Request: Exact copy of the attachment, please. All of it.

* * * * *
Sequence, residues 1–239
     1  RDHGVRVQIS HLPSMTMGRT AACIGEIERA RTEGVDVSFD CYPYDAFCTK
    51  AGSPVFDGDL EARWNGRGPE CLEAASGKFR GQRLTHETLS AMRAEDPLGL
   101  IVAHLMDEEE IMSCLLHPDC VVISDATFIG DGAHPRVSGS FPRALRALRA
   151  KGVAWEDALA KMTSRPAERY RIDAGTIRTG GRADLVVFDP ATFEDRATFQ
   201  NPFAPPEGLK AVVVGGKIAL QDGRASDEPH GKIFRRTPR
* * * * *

Sequence, residues 1–239
     1  RDHGVRVQIS HLPSMTMGRT AACIGEIERA RTEGVDVSFD CYPYDAFCTK
    51  AGSPVFDGDL EARWNGRGPE CLEAASGKFR GQRLTHETLS AMRAEDPLGL
   101  IVAHLMDEEE IMSCLLHPDC VVISDATFIG DGAHPRVSGS FPRALRALRA
   151  KGVAWEDALA KMTSRPAERY RIDAGTIRTG GRADLVVFDP ATFEDRATFQ
   201  NPFAPPEGLK AVVVGGKIAL QDGRASDEPH GKIFRRTPR